At the end of season one, i just could not wait for the production of season two , which kept me on the roads of Nigeria for 10 days speaking with Queer folx. Dear listener, you can tell i enjoy what i’m doing, sometimes all i do all night is put off the light, put on the herbs, plug in the headphone and edit the podcast or reply to emails. after a long day. I enjoyed recording in these Nigerian cities that have their own unique Queer narratives, with every community came the stories of strength, resilience, and bravery. I never thought that podcast i started from the bathroom would be what you’ll like to listen to, never knew you’ll tell me how much the stories i tell inspire you. The days when i wake up to your short emails or instagram messages, i smiled. I never foresaw the financial responsibilities that comes with the podcast, but you, you , dear listener, have used the donation button few times to keep me going.
By the end of season III, i thought to take a bow out, i waved podcast hosting good bye, with intents of production for other hosts. You again, dear listener asked “Hey Queernerd, i haven’t heard the podcast in a while, i smiled like smacking my lips knowing i don’t intend to sit before this microphone. Dear listener, you have heard me, you have heard me change, i have grown, i have progressed. i have evolved over the years. it’s now three years today since you first found my shy, geeky, and naive self. I remember when i would cry then send my thoughts over a topic to you, you will listen and send to your contact, till i now pride in ten thousand downloads. During the height of Covid 19, when i had lost my phone to the police raid of my apartment, you asked that i speak to you when i was feeling the lowest, dear listener you listened to all six episodes of the covid-19 bonus series, and if only you listened well you could hear my depression.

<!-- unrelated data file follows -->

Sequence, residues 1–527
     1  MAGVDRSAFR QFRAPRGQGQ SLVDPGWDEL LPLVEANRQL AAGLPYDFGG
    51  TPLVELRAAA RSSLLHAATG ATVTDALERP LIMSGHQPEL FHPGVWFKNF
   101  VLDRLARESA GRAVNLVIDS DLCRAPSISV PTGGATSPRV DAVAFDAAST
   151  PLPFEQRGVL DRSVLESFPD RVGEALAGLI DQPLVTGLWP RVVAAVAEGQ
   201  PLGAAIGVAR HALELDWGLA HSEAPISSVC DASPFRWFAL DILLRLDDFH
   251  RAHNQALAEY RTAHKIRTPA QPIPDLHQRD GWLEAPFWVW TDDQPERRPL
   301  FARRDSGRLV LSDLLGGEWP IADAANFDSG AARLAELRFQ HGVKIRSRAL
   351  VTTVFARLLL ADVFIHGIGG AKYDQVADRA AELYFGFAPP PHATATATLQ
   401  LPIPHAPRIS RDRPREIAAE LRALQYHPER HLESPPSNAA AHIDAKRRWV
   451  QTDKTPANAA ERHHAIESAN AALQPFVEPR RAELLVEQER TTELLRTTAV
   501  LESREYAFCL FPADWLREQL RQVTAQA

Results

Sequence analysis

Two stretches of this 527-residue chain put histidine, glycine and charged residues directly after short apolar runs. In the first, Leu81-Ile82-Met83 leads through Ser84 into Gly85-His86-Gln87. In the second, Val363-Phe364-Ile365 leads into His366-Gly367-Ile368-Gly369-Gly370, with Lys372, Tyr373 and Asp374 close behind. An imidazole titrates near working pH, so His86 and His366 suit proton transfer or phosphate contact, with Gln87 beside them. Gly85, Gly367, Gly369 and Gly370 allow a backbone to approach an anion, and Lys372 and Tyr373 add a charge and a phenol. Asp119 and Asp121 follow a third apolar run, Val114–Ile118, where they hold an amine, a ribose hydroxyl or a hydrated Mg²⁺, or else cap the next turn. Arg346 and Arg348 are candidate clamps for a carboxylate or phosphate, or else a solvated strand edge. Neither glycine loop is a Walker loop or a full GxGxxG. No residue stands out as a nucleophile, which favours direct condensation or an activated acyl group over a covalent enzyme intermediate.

If i wont lie to myself dear listener, your listenership, reviews and messages, have not just built our relationship, you have helped me grow, if you don’t believe try out the podcast’s first 12 episodes, and be glad you did it, friend, you did it. Finally, We are 3 years together and this is cheers to your support and to myself for allowing myself grow through this. Thank you Dear Listener, Volunteers, Friends, and supporters.
Season IV premiered yesterday, starting with the narratives of police violations across West Africa. Just in the first three months of 2021, Ghana, Nigeria, and Cameroon have recorded cases of Violation of Queer folks. On the soil of west Africa, this isn’t new again to media, with various socio-cultural and governmental institution militating against the decriminalization of LGBTIQ+ rights in Ghana and Nigeria in recent times. I noted the pattern of arrest across these countries, where all these violation of queer folks had happened in the the first months of 2021, comparing them to those of the past. Also, acknowledging the possibilities of the a new form of activism against the police, and the illegal arrest of LGBT folx in West Africa.
Who killed 19 years old John in Lagos ? – QueerCity
- Who killed 19 years old John in Lagos ?
- Getting Justice for Cameroonian Transwomen Shakira and Patricia amidst death threats with Hamlet.
- HIV stigmatization amongst Nigerian Gay men with Raldie Young
- Did Allah make sexuality innate in Islam: A crossover episode with Ynaija Non-Binary Blog
- Queering Our indigenous and traditional literary narrative: A night in Ibadan